You’re watching Local Edition. I’m Brad Pomerance,
thank you for joining us. Our
guest is David Oglesby. David is a
professor at University of California in
Riverside and he is a specialist and
expert in earthquakes. I’m so glad you’re
I’ve grown up in California. I could
remember the earthquake of 1971,
the one of 2004, last
year in Chino Hills – 2008.
What I want to talk about today is
we think we’re prepared, but
in a lot of ways we are not.
[Oglesby] Well preparation is key because
earthquakes in Southern California and all over
California are inevitable. We cannot
So, what we can do is prepare ourselves for
them in the future. [Pomerance] Okay, let’s talk about
an average family. What can they do to
[Oglesby] Well, an average family can do things
like, for example, securing furniture to the
walls. The biggest danger in an
earthquake in Southern California is not
so much the collapse of your house, I mean
every once in a while something like that happens,
but it’s pretty rare.
The biggest danger is stuff falling on
you in your house.
So, you want to try and prevent that as much
So, bolting… bookshelves, wardrobes –
big heavy furniture to the wall. Securing
big heavy paintings to the wall with…
more earthquake safety
[Pomerance] If an earthquake hits –
I gotta be honest with you – I’m not exactly sure what
I’m supposed to do. Do I go into a
doorway and stand between the doorway? Do
I go under a bed? What do I do?
[Oglesby] The best thing to do is to drop,
cover and hold on. Those three
things; drop, cover and hold on. If an earthquake
happens right now – in this studio – I’m
going to go directly underneath this table.
I’m going to curl up. I’m going to
hold on to this table leg,
so that, if the shaking gets really bad,
the table will not get away from me.
That’s your best bet. Get underneath
something. Don’t try to go to a doorway
because – because while you’re trying to get to a doorway,
you’re not protected from falling
material. Plus, you’re typically sharing the doorway
with a door, and it might slap you around.
[Pomerance] Well, what if something falls on this table?
[Oglesby] Well, the table will at least slow it down.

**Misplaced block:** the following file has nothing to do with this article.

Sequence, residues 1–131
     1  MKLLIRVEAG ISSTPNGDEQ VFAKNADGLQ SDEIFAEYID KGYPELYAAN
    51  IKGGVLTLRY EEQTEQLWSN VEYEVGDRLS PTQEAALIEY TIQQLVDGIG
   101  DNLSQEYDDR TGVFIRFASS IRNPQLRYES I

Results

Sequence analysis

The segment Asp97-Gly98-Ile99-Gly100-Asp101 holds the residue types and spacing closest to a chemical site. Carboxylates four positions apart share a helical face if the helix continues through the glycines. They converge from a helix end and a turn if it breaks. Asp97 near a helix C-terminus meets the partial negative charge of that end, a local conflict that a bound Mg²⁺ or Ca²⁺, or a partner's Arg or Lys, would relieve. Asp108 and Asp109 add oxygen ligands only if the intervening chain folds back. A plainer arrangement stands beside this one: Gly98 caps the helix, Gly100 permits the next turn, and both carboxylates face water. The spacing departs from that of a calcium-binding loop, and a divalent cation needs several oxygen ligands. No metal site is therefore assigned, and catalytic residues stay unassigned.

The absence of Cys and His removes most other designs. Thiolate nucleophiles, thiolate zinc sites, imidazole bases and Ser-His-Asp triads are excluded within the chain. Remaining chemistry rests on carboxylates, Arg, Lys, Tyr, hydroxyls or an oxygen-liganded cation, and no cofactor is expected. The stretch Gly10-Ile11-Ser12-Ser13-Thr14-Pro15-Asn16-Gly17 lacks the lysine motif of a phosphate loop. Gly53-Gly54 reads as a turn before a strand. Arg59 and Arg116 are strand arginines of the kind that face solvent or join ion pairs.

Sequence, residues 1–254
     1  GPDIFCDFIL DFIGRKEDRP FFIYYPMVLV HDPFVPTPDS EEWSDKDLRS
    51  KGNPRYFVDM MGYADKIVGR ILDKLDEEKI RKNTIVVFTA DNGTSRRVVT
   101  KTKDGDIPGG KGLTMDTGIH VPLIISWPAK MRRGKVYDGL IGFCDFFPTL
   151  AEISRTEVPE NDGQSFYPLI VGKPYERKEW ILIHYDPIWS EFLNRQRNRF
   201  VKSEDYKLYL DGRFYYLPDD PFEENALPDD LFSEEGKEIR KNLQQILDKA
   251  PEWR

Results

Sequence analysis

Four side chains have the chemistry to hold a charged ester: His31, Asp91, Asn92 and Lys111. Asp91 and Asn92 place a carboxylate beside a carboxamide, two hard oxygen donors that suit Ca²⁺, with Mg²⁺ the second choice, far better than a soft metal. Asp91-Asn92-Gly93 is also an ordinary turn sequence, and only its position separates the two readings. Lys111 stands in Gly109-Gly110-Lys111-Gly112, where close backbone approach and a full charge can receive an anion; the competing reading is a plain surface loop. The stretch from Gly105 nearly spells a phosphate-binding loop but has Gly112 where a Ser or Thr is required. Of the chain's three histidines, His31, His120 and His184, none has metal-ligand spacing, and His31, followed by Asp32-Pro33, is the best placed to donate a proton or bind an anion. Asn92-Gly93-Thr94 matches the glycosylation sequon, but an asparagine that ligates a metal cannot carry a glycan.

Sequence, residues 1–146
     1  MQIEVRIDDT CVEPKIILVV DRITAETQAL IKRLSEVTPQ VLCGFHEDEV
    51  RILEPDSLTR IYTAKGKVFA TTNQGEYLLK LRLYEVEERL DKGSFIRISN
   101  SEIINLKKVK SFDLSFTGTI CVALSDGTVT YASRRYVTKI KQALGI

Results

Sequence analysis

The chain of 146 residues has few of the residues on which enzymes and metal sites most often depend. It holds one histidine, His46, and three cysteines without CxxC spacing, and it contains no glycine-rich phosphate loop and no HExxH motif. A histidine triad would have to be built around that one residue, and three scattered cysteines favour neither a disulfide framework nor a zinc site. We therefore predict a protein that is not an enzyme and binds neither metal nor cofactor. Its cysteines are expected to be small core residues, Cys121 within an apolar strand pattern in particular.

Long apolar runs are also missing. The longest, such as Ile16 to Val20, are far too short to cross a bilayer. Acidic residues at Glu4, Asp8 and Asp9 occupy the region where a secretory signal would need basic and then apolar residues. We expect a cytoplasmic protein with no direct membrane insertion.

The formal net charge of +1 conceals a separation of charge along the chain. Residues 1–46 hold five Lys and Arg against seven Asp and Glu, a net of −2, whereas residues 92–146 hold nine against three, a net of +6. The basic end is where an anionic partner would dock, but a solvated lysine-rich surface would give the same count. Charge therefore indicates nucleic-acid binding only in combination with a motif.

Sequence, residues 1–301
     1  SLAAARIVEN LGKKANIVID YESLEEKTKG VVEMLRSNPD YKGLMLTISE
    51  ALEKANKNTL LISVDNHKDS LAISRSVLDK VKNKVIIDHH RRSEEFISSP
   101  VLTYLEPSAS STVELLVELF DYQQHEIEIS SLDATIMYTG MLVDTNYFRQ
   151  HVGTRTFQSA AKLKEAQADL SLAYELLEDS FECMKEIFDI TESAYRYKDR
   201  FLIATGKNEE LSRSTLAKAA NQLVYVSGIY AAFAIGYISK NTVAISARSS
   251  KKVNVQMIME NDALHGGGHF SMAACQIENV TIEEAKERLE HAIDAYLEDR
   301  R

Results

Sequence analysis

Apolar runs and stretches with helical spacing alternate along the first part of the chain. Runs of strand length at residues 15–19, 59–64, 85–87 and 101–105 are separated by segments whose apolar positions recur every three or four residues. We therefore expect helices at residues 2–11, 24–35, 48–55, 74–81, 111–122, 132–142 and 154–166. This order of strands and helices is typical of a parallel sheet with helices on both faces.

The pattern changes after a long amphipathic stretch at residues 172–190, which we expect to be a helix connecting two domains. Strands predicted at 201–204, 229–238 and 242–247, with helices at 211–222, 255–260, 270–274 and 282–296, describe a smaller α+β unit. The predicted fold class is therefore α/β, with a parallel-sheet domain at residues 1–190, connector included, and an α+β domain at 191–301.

You know this because there’s really –
you’re still better under the table than
you would be any place else. You know,
it’s not a guarantee of safety, of
course, but you’re still better off
getting underneath something sturdy. [Pomerance] Now,
what if you lived in near a
beach, because many of our viewers do.
They live in coastal communities. If an
earthquake hits what should they do?
[Oglesby] The general rules if that…
if your estimate of the ground shaking
is that it lasts more than about
20 seconds or so, then you should head for
high ground as quickly as possible.
safely, after the earthquake is over, try
to get at least a 100ft above the
beach. Now, in a lot of our coastal communities,
we have cliffs and things like that
so it makes it a little bit easier… Try to proceed
as rapidly as possible. We don’t
generate… you’re worried about tsunamis, of course.
We typically don’t generate huge tsunamis here. [Pomerance] Why?
[Oglesby] Well, the faults that would produce
the tsunamis are the ones that are
offshore, under underwater and those
faults are not gigantic… They’re not…
We cannot produce a tsunami as bad as,
for example, the Indian Ocean – Sumatra –
tsunami that happened… a
few years back. We couldn’t produce a tsunami
that big here, but we could produce a tsunami
of some significant size that could
threaten some local communities.
[Pomerance] I was speaking with someone recently, he’s a
Chinese seismologist, and he described,
a situation where with the Chinese
earthquake in 2008,
I believe… there were huge and massive
landslides, to the point that there
were some communities that were
literally buried. Everyone in that community
was buried alive.
Is that something that could happen in
[Oglesby] Well, we do certainly have some communities
that have experienced landslides in the
past, and as we build more and more into
our hills him into the
urban wild line interface,
we run the risk of landslides.
… I don’t know any committees that
are at risk of earthquake caused
landslides to that great degree, but there
are communities that where it
is a risk. [Pomerance] What do you think about the earthquake
kits that we see at the local big-box
[Oglesby] Oh, the earthquake kits that you see there?
Well, they are certainly
better than nothing. You can
start your own earthquake kit for
a lot cheaper, but if it’s easier
to go and buy one at the big box store, why not?
[Pomerance] In our final moments what should be in our
earthquake kit then?
[Oglesby] You should have food. You should have
flash – a flashlight with batteries…
Any kind of medicine that you
might need, basically… and
water especially. You want to be able to
survive for at least three days without
help. [Pomerance] OK, if you have to predict
where is the next earthquake in Southern
[Oglesby] I could not perdict. [Pomerance] Why not?
Come on! You’re supposed to be able to do that!
[Oglesby] That’s the one thing that seismologists
cannot do, I’m sorry. [Pomerance] Thank you so
much, David, for joining us here. From Local
Edition, I’m Brad Pomerance, back to
You’re watching Local Edition. I’m Brad Pomerance,